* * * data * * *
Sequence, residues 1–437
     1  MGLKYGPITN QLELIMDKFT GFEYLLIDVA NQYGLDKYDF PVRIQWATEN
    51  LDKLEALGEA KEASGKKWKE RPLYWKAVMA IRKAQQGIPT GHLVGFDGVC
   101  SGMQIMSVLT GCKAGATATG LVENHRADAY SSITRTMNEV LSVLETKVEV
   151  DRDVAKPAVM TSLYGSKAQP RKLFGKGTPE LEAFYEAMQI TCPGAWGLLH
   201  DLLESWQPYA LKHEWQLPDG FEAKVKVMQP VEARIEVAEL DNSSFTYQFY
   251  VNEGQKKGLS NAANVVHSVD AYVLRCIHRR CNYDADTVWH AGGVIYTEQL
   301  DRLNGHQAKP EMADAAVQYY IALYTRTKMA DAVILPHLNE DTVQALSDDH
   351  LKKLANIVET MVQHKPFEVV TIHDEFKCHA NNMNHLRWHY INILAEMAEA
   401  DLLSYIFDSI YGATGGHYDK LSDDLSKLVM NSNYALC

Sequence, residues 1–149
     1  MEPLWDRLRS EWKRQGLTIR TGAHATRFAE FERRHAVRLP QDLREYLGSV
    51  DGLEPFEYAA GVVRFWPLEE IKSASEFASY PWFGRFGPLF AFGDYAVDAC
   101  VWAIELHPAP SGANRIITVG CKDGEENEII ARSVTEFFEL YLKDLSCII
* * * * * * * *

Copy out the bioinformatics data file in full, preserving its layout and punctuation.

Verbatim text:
Sequence, residues 1–437
     1  MGLKYGPITN QLELIMDKFT GFEYLLIDVA NQYGLDKYDF PVRIQWATEN
    51  LDKLEALGEA KEASGKKWKE RPLYWKAVMA IRKAQQGIPT GHLVGFDGVC
   101  SGMQIMSVLT GCKAGATATG LVENHRADAY SSITRTMNEV LSVLETKVEV
   151  DRDVAKPAVM TSLYGSKAQP RKLFGKGTPE LEAFYEAMQI TCPGAWGLLH
   201  DLLESWQPYA LKHEWQLPDG FEAKVKVMQP VEARIEVAEL DNSSFTYQFY
   251  VNEGQKKGLS NAANVVHSVD AYVLRCIHRR CNYDADTVWH AGGVIYTEQL
   301  DRLNGHQAKP EMADAAVQYY IALYTRTKMA DAVILPHLNE DTVQALSDDH
   351  LKKLANIVET MVQHKPFEVV TIHDEFKCHA NNMNHLRWHY INILAEMAEA
   401  DLLSYIFDSI YGATGGHYDK LSDDLSKLVM NSNYALC

Sequence, residues 1–149
     1  MEPLWDRLRS EWKRQGLTIR TGAHATRFAE FERRHAVRLP QDLREYLGSV
    51  DGLEPFEYAA GVVRFWPLEE IKSASEFASY PWFGRFGPLF AFGDYAVDAC
   101  VWAIELHPAP SGANRIITVG CKDGEENEII ARSVTEFFEL YLKDLSCII